Stephen Smart, Clark’s spokesman had little to add. “She brought it up and the Premier of Quebec said that they were reviewing the program already. That they understood our concerns and had concerns of their own. Obviously they want to keep investors in Quebec. So they are looking at program criteria like French-language skills as an example. They agreed that BC and [Quebec] will stay in touch as they look at those changes.”
There was no press release issued regarding the discussions which took place the previous week at the July 20-22 premiers’ meeting in Whitehorse, the Yukon.
Submit tax returns or forfeit C$800,000: a viable QIIP fix?
So what exactly can be done about the QIIP? There’s little chance Quebec (or the federal government) has any plan to shut down this lucrative tollbooth entirely; nor is it reasonable to retroactively impose new policy upon QIIPers who have already arrived.
Richard Kurland, a prominent Vancouver immigration lawyer, doesn’t support the One-Point Plan’s nuclear option, but instead says he has a “practical policy solution” for the QIIP: force applicants to submit Canadian tax returns in Quebec, declaring all global income, or lose their C$800,000.
“At the end of the five-year investment term, the C$800,000 is not returned to the investor, but is held back, until the investor provides copies of at least three Canadian income tax returns reporting global income and property as a Canadian tax resident, in the intended province of destination,” Kurland suggested. He prescribed that this apply during an eight-year period, of three years preceding landing and five years afterwards.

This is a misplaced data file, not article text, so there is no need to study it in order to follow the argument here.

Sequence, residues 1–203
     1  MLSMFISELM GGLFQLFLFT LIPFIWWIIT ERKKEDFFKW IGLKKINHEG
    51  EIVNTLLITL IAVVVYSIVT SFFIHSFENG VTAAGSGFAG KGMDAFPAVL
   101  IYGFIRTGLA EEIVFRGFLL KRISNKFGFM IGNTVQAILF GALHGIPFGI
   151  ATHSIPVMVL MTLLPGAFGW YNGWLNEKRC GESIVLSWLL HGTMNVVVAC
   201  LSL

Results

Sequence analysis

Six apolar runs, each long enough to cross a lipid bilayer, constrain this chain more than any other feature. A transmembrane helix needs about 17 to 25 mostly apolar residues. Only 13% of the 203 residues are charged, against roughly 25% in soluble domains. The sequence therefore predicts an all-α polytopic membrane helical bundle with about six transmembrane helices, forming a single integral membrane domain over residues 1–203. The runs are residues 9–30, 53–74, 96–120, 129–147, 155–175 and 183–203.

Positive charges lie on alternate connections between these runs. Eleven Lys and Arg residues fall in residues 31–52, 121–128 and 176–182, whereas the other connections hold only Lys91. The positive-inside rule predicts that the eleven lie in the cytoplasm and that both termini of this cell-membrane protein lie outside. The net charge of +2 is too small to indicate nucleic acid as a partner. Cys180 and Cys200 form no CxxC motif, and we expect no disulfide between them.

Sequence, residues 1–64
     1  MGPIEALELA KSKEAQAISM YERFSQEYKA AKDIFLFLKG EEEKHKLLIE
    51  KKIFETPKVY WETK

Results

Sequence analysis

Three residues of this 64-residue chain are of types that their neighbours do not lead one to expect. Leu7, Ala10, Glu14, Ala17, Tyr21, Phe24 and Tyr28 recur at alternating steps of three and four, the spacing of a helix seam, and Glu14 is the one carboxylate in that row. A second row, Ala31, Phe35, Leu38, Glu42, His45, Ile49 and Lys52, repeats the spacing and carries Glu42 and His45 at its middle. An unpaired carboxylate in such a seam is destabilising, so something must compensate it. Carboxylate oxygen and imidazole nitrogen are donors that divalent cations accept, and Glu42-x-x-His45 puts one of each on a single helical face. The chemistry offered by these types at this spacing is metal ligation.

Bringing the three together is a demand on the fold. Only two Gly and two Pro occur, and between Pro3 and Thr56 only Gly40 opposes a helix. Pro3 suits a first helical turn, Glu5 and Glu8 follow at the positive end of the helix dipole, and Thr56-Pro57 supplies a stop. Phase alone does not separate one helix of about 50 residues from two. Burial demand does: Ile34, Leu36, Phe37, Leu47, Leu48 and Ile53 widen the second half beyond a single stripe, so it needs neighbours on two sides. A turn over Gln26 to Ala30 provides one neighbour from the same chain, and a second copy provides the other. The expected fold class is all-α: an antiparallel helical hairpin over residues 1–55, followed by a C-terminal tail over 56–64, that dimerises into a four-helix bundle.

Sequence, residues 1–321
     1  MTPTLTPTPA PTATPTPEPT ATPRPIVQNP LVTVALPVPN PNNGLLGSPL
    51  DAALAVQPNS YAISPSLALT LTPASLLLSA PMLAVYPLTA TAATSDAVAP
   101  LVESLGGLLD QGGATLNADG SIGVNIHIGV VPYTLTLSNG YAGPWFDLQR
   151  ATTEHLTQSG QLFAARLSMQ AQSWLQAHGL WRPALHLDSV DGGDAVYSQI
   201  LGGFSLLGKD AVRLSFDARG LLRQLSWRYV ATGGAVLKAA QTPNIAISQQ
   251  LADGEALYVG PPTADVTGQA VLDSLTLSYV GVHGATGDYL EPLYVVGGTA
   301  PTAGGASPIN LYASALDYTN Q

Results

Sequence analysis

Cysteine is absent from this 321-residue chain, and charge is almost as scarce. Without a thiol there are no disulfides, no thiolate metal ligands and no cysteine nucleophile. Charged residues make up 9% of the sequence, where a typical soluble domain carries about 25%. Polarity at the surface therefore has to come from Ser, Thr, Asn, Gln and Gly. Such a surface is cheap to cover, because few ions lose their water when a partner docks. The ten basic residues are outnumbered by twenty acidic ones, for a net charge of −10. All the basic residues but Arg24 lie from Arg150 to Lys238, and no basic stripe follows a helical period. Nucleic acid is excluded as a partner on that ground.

“If this is not done, the C$800,000 is forfeit. Quebec keeps it. Result: Quebec would still be able to go forward with the QIIP, as the proposed measure would have no impact on people who abide by the promise of settlement in the province of destination.”
Kurland says that linking such a massive financial penalty to actual Quebec residency and Canadian taxpaying achieves two objectives: “No more parking families in Canada on the Canadian dime while the investor returns to [their] home country and pays no taxes to Canada. And, no more ‘trampolining’ from Montreal to Vancouver.”
Would Quebec countenance such a plan? The likely flaw is that such a measure would reduce the appeal of the QIIP, which takes in 1,750 new applications per year and is also working through a backlog of a few thousand. And those mainly Chinese millionaires would much rather live in Vancouver than Quebec .
As for Vancouverites, they have until Friday to weigh in (via this link). That’s when the Canadian government closes a one-month consultation on immigration reform. So if you think the QIIP should be shut down, changed, or is a perfectly worthwhile mechanism, now’s the time to have your say. And it probably wouldn’t hurt to CC your submission to Christy Clark and Philippe Couillard, so they have something to talk about next time they meet.
Correction: An earlier version of this blog stated that fewer than 1 in 500 QIIP immigrants spoke French. That is incorrect: according to Quebec’s immigration department, 6.1 per cent of QIIP immigrants claim to speak French. The incorrect figure of 0.2 per cent was mistakenly calculated on the basis of a figure referring to the Federal IIP, not the Quebec IIP.
The Hongcouver blog is devoted to the hybrid culture of its namesake cities: Hong Kong and Vancouver. All story ideas and comments are welcome. Connect with me by email firstname.lastname@example.org or on Twitter, @ianjamesyoung70.